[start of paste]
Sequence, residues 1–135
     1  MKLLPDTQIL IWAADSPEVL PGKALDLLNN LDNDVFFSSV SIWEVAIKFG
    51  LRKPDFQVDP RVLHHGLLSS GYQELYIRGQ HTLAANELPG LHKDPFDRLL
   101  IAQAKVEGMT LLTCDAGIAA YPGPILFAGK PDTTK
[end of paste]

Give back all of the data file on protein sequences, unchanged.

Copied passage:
Sequence, residues 1–135
     1  MKLLPDTQIL IWAADSPEVL PGKALDLLNN LDNDVFFSSV SIWEVAIKFG
    51  LRKPDFQVDP RVLHHGLLSS GYQELYIRGQ HTLAANELPG LHKDPFDRLL
   101  IAQAKVEGMT LLTCDAGIAA YPGPILFAGK PDTTK